Goodbye to a national treasure: Broadcaster Bob Holness dies in his sleep, aged 83


By Alanah Eriksen

The nation is in mourning as much-loved broadcaster Bob Holness died today, aged 83.

Bob, best known as the host of the ITV1 quiz Blockbusters, had a career spanning almost 60 years.

A statement released by his family said he 'died peacefully in his sleep early this morning, aged 83, after his health deteriorated following a number of minor strokes over the past few years'.

Farewell: Bob Holness, best known as host of the ITV1 quiz show Blockbusters, has died in his sleep, aged 83

They added: 'Although Bob will be best remembered for being the host of the cult television programme Blockbusters, it should be mentioned Bob was also an accomplished theatre actor and his radio broadcasting career spanned over six decades.

'The famous Pinner resident was beloved by students everywhere for his catchphrase 'I'll have a P, please, Bob'.

Bob, who suffered a number of strokes and has been in a nursing home, leaves his wife Mary, three children and seven grandchildren.

Can I have an E please Bob? The presenter pictured in the 1980s during the show's heyday

Bob was born in Vryheid, South Africa but moved to Kent with his family when he was a child.

He later moved back to South Africa where he received his first job as a radio presenter, and met his wife.

The couple returned to the UK in 1961 and Bob joined the BBC as an announcer on Late Night Extra, initially on the BBC Light Programme and later on BBC Radio 1 and 2.

He also became the second actor to portray James Bond, starring in a radio adaptation of Moonraker in 1956.

Between 1975 and 1985, he was co-presenter with Douglas Cameron of the breakfast-time AM Programme on London's LBC radio station.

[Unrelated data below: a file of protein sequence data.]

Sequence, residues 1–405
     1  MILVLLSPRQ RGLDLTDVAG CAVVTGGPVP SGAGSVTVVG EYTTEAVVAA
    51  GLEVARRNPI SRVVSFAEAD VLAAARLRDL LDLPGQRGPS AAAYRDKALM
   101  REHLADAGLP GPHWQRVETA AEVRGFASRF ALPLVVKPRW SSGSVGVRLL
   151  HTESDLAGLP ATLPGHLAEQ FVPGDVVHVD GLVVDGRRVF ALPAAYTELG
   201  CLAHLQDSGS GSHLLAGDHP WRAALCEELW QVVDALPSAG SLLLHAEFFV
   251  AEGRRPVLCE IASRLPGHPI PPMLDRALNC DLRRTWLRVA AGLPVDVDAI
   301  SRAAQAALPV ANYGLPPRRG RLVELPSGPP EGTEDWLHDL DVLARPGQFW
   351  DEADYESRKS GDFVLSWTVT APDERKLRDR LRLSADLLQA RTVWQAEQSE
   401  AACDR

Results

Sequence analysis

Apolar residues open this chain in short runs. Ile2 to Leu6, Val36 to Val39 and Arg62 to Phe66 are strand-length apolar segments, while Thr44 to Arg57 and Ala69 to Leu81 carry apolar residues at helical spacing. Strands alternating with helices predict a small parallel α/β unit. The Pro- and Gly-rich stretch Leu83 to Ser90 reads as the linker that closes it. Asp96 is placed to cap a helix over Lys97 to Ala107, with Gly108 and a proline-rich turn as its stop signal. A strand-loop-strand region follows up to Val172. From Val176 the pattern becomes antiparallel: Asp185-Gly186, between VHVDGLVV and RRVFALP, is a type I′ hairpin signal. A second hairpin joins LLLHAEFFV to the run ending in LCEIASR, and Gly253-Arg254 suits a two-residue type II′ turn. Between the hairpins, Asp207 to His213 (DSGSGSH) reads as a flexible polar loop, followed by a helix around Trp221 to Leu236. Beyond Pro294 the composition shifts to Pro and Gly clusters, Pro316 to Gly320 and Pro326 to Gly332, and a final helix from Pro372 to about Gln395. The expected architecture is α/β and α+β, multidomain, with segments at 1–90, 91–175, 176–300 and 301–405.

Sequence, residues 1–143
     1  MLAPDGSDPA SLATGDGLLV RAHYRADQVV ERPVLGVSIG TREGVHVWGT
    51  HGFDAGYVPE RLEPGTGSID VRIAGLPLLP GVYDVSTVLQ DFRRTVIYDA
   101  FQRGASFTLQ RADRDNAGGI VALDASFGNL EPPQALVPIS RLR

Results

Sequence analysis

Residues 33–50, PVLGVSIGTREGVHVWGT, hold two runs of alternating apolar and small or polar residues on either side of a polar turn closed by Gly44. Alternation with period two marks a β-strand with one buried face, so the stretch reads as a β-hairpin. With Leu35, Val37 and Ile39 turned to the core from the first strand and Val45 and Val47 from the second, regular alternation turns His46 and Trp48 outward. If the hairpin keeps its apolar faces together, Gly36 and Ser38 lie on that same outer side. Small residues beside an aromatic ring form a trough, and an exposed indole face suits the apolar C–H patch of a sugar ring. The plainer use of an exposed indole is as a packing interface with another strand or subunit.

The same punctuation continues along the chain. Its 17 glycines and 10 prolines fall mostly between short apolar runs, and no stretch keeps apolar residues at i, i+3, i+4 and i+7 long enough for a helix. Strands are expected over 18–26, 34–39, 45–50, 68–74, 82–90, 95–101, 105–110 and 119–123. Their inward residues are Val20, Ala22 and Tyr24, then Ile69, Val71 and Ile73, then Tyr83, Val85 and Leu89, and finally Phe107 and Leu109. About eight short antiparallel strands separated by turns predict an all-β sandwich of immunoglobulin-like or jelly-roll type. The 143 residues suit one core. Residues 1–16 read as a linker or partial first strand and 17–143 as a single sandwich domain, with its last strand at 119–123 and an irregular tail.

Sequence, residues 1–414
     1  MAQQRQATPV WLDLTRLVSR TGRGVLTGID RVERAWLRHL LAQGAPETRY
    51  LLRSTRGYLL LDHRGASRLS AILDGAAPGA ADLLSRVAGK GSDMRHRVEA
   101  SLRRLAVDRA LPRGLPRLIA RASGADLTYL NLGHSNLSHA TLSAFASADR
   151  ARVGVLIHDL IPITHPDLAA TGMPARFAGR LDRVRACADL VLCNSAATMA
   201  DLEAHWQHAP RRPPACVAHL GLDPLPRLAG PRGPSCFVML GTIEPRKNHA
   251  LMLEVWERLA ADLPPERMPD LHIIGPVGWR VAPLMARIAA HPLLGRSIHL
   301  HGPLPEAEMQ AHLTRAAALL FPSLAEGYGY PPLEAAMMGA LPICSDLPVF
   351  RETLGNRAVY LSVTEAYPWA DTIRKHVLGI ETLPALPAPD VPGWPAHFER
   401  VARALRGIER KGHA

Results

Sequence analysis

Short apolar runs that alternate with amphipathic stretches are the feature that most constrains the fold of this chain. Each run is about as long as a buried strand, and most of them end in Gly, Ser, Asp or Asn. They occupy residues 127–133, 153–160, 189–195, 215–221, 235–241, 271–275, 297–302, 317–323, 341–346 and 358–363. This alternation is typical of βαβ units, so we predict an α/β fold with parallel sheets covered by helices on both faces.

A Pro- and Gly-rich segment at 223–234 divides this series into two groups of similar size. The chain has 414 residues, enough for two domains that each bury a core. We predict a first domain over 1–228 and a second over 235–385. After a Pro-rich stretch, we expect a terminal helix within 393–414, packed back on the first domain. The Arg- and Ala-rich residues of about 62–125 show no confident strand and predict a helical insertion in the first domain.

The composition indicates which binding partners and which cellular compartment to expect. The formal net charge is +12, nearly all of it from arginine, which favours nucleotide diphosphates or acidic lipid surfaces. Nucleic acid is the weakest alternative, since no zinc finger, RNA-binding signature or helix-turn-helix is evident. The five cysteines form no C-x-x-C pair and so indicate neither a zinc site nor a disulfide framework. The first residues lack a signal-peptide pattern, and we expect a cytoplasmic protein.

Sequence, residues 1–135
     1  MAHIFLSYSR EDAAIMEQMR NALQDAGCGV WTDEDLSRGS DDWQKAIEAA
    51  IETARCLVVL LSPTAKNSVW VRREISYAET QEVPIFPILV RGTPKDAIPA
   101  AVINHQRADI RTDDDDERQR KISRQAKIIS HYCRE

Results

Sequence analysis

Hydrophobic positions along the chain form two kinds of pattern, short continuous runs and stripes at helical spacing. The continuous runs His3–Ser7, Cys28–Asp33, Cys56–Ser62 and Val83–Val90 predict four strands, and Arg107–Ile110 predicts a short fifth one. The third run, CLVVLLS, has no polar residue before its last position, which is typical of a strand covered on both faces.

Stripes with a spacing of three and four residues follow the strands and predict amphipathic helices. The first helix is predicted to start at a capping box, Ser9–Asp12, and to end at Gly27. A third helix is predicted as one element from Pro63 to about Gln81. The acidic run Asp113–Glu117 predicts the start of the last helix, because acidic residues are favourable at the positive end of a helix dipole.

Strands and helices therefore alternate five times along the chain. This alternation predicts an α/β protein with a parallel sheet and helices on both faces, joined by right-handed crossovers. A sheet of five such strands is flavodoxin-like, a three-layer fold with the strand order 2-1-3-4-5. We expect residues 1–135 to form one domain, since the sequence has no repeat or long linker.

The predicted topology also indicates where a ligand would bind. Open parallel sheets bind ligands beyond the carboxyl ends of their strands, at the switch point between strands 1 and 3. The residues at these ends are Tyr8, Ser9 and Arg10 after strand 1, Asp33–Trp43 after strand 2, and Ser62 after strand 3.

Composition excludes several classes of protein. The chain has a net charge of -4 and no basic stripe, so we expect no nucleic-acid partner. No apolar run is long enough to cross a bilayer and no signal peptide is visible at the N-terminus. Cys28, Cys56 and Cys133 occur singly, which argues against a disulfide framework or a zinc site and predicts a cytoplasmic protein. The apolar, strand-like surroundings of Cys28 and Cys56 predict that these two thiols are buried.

His television career was kick-started in 1961 when he became the host of game show Take a Letter.

But his break came in 1983 on Blockbusters which he presented until 1994.

Leading the condolences: Leader of the Opposition Ed Milliband tweeted today

The show saw teenagers collapse in fits of laughter as they asked the lovable host 'for an E please Bob'.

The arrival of dance drug Ecstasy on the rave scene saw him regularly asked for an E by his student contestants.

One mark of his popularity was the widespread urban myth, believed by many, that Holness played the trademark saxophone solo on the Gerry Rafferty hit Baker Street.

It is believed to have been started as a spoof by music paper NME in 1990.

He returned to television a year later, hosting Yorkshire Television's gameshow Raise the Roof before becoming the chairman of a revived Call My Bluff for the BBC.

In 2004, he appeared on one episode of Ant and Dec's Saturday Night Takeaway.
His health began to deteriorate in the 1990s after he suffered a mini-stroke and a more severe attack in 2002 led to temporary paralysis.

Leader of the Opposition, Ed Miliband had led tributes to the broadcaster
He wrote on Twitter: 'Sad to hear that Bob Holness has died. A generation will remember him fondly from Blockbusters.'

Broadcaster Emma Freud wrote: 'One of my first interviewees. Gorgeous man. RIP.'

BBC Radio 4 presenter Martha Kearney, said that she had worked with him on the LBC AM Bob and Doug show and described him as a 'real gent'.

Left behind: Bob with his wife Mary, with whom he had three children